Black History Month reminds us that remembering the past is about more than just memorising important dates and facts. It’s about recognising and understanding the kaleidoscopic mix of people, events and influences that have shaped the country we live in and make us who we are.
Over the last 26 years, Black History Month has helped to inform and educate men, women and children across Britain, highlighting and celebrating the powerful contribution of African and Caribbean people in every area of British society, across centuries of our history.
Black History Month is built around the belief that people who are aware of their roots and the achievements of their ancestors – with stories passed from generation to generation – can look to their future with ambition and confidence. Importantly, it is also a reaction to the fact that historians in decades past have failed to acknowledge Black historical figures.
But it’s not just the impact of more well-known African and Caribbean people on Britain’s history that we recognise throughout this month, like the abolitionists Olaudah Equiano and Mary Prince, Victorian Crimea War nurse Mary Seacole and composer Samuel Coleridge-Taylor, as well as Claudia Jones who brought us the Notting Hill Carnival, Jazzie B who revolutionised the British music scene, Arthur Wharton and Viv Anderson who achieved significant ‘firsts’ in football, Benjamin Zephaniah the celebrated poet and Liberal Democrat peer Baroness Floella Benjamin.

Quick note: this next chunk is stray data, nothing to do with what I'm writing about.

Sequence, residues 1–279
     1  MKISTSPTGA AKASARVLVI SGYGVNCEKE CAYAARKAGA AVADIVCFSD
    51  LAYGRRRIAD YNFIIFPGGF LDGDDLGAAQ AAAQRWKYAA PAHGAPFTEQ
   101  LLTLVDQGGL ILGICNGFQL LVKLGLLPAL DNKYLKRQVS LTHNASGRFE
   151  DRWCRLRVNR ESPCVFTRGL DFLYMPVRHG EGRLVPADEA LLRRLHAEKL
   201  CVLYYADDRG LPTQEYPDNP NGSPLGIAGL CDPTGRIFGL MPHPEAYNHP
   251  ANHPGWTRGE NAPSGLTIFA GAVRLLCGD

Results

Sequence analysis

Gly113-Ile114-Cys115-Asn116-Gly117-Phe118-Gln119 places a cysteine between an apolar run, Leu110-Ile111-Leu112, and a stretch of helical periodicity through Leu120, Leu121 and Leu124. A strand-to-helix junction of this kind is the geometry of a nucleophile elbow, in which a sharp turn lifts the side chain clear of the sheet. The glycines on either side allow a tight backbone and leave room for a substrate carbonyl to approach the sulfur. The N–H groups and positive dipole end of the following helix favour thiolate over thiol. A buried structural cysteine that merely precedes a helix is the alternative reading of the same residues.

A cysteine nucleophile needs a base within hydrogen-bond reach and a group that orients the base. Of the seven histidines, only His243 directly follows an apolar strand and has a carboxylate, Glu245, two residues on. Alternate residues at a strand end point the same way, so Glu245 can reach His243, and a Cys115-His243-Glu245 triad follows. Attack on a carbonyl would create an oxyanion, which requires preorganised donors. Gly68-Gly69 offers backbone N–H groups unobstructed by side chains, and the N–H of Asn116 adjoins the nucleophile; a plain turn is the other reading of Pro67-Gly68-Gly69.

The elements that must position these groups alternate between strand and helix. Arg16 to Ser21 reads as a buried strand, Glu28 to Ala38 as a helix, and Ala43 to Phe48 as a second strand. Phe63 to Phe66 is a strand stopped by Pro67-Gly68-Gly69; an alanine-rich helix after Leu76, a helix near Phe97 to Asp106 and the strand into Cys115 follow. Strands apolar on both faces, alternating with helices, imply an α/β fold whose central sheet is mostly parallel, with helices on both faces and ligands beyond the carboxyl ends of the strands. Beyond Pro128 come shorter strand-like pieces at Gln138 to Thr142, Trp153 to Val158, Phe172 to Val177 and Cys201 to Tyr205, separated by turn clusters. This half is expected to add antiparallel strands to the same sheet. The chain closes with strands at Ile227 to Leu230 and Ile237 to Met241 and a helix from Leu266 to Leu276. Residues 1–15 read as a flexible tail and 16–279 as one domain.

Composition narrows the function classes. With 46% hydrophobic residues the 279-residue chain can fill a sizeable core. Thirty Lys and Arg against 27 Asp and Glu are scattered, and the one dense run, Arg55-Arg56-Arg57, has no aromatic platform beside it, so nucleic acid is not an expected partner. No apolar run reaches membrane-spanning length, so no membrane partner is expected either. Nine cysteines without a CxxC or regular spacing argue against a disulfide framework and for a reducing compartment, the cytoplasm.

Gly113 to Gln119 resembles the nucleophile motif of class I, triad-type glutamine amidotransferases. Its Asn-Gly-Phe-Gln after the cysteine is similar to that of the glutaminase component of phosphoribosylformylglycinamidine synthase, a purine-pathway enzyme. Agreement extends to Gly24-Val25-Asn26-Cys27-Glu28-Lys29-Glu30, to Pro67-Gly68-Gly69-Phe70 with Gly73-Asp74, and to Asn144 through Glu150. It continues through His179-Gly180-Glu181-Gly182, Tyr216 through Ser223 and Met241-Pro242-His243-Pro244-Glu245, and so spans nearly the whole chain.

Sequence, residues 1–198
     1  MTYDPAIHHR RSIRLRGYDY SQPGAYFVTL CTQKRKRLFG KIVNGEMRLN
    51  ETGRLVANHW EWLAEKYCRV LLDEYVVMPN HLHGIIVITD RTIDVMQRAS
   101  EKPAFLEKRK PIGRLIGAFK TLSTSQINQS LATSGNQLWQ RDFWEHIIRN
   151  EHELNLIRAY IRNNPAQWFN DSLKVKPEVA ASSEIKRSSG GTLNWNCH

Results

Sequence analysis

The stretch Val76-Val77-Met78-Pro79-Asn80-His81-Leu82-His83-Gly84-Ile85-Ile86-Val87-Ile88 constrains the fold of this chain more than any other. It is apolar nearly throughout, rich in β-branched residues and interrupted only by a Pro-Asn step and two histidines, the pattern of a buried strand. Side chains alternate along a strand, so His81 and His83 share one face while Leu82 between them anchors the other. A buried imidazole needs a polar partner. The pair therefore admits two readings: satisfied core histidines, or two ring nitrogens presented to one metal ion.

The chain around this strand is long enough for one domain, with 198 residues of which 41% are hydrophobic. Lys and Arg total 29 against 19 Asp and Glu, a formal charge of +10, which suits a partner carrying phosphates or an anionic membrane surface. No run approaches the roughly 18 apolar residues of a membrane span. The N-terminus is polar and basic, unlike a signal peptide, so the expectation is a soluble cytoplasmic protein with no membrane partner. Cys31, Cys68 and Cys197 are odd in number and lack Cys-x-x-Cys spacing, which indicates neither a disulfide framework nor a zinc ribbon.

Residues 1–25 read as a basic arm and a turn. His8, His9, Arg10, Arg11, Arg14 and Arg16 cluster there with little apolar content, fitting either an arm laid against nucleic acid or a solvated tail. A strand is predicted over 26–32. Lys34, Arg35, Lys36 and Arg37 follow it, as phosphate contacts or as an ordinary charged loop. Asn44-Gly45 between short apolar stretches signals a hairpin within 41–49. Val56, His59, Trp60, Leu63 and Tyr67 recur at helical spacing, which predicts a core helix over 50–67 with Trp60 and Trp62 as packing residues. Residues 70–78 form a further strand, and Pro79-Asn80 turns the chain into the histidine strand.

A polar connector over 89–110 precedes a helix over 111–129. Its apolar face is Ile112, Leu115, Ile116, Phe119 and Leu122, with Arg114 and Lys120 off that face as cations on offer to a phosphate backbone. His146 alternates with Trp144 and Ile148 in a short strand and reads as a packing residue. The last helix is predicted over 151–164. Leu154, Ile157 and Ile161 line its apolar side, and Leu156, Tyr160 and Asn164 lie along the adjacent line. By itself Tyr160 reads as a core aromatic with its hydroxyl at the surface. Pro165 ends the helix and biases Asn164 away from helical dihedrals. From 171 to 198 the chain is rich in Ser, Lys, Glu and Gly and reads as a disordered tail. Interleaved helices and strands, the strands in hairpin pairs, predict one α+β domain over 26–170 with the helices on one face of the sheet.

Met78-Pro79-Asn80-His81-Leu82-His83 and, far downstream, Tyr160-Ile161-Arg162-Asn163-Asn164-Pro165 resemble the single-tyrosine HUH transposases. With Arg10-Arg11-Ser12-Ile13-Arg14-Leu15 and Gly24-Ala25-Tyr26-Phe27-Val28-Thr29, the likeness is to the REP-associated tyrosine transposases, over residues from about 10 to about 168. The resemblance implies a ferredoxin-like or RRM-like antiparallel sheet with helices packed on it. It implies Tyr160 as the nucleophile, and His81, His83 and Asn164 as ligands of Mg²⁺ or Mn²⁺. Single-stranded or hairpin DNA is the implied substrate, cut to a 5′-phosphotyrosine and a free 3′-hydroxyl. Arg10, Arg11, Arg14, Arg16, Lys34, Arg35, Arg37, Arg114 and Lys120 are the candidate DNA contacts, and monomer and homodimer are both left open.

It’s also those ordinary people, who – in their every day lives – continue to do extraordinary things to ensure a better life for their families and their local communities. This includes the Windrush generation. Sixty five years ago, this pioneering group of men and women arrived at Tilbury Docks with little more than a suitcase in their hand. Yet, ever since, the transformative and remarkable effect they’ve had on British business, politics, culture, arts, sport and elsewhere, is clear to see.
For all of us, whatever our background, this is our history. This is Britain’s history.
And I want to wish everyone – across the UK – involved in organising or attending events throughout October an enjoyable and successful Black History Month.
* Nick Clegg is the MP for Sheffield Hallam